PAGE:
Over the last few years, the car industry’s investment focus has rapidly shifted to the new growth regions in Asia and Eastern Europe. In Eastern Europe alone, Hyundai, Kia, PSA, VW, and other manufacturers are building new assembly plants to the tune of over Euro 4 billion. The same applies to OEM suppliers. Virtually every day suppliers are opening new plants in countries such as Slovakia, Hungary and Romania. Around 80% of production from these Eastern European supplier plants is exported to Western Europe and other high-wage regions, while only a fraction is designed to cater to local Eastern European OEMs.
Suppliers have no choice. Labor costs in many Eastern European countries and regions amount to around one-tenth to one-fifth of the Western European level. On average, personnel costs account for 25 to 30% of total production costs. Hence, suppliers can lower total costs by 10 to 15% by shifting production to Eastern Europe, even if increased logistics and complexity costs as well as decreased productivity are taken into account. In the highly competitive supplier market, with increasing cost pressure from OEMs, this could be a life saver.
It is a widely held belief that labor costs will rise markedly over the next five to 10 years in Eastern Europe and other low-wage countries, thus off-setting Eastern Europe‘s cost advantages. This is not true. Even though annual wage increases of up to 10 or 15% are commonplace in many Eastern European countries, in absolute terms the gaps will remain constant due to the markedly lower base level. Therefore, capacity expansion in low-wage countries is going to continue over the next few years—and it will accelerate even further, according to a recent study by Roland Berger Strategy Consultants. Ninety percent of the surveyed mid-sized industrial companies said they are planning to shift further elements of their value chain abroad over the next five years. Only 69% of the respondents have already shifted their value chain to low-wage countries. Even components requiring highly complex technology are increasingly produced abroad.
Accumulated expertise, cost of moving and improving efficiencies may spare existing plants in countries such as Germany or France. German suppliers rely heavily on their local personnel’s technical expertise accumulated over many decades. For some companies, moving would simply be too expensive. Payback for the complete shifting of a plant often amounts to five to seven years, which is unacceptably long in times of dire financial straits.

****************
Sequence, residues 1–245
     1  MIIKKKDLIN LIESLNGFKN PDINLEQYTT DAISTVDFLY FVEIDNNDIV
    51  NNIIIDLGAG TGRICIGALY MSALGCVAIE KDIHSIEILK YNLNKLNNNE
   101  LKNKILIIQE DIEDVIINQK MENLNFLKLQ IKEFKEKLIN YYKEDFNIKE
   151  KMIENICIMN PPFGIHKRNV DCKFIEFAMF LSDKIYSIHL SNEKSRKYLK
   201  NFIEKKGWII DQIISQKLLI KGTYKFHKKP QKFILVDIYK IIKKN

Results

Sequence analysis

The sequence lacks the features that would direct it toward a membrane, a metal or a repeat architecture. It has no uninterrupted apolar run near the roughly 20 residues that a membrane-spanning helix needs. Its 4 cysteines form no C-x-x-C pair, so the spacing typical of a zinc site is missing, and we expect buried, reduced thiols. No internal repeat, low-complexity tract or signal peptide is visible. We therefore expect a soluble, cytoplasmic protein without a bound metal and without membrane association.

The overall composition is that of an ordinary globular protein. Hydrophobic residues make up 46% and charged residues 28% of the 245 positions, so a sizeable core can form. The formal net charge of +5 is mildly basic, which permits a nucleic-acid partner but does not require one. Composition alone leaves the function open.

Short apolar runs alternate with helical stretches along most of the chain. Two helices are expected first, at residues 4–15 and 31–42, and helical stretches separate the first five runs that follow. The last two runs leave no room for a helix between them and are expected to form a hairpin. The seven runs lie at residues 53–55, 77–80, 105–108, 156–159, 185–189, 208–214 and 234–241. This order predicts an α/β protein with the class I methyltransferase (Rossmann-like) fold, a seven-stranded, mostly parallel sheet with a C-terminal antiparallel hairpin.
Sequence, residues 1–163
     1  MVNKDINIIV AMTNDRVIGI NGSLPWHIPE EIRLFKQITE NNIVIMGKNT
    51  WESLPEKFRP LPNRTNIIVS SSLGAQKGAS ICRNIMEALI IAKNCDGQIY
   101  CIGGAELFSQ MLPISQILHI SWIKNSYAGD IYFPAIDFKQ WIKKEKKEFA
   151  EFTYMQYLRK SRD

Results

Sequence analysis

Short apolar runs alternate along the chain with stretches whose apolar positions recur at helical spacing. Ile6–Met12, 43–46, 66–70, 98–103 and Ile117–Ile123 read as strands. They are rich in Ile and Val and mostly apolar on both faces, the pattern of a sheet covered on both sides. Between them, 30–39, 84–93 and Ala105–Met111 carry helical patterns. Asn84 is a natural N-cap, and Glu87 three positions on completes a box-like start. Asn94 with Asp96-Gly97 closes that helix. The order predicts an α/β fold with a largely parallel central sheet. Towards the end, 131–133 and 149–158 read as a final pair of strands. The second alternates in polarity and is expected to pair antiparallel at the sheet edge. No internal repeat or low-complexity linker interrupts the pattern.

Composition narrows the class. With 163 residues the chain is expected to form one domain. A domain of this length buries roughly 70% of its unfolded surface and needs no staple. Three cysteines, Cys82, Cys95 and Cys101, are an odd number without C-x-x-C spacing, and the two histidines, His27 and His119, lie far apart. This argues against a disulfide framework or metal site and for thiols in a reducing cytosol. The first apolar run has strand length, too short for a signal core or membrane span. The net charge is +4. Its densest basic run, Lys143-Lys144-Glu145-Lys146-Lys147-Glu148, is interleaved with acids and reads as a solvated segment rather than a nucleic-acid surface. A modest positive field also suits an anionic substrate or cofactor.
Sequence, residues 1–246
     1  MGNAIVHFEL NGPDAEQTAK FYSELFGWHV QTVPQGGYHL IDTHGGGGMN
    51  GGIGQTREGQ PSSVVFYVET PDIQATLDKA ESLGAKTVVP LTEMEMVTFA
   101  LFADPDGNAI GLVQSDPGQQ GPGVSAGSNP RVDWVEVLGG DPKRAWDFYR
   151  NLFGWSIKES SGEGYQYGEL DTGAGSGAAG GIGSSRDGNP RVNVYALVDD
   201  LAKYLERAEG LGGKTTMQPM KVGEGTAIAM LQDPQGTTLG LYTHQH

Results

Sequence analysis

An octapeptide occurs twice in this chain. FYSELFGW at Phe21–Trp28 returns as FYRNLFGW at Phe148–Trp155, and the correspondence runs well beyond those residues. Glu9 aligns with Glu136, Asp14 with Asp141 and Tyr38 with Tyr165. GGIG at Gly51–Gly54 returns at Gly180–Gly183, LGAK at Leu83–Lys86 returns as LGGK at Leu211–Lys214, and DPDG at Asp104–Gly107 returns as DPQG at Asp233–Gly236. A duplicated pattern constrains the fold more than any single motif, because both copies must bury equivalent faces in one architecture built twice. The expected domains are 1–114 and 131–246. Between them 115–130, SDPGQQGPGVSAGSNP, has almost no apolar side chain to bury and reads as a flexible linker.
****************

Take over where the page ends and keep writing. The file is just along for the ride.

Many Western European plants also have significant efficiencies in reserve that need to be tapped. This can be accomplished by optimizing processes, including more flexible working time and shift models, and reducing unit labor costs. In the last few months, many suppliers have led the way. Companies such as Bosch, Continental, Siemens-VDO, Brose as well as many small suppliers have renegotiated terms with their employees at endangered locations. By introducing longer working times of 38, 40 or 42 hours per week without pay increase, labor costs were lowered by up to 15 percent and the competitiveness of these locations was improved.
Suppliers need to tackle their main challenge: Optimizing the complete value chain. If they want to successfully bid for new projects, they cannot do so without creating or expanding plants in low-wage countries. At the same time, they must further reduce production costs at existing plants. It is this combination of actions that creates a reduced cost structure for suppliers to survive in the long run, defying the permanently rising cost pressure from OEMs.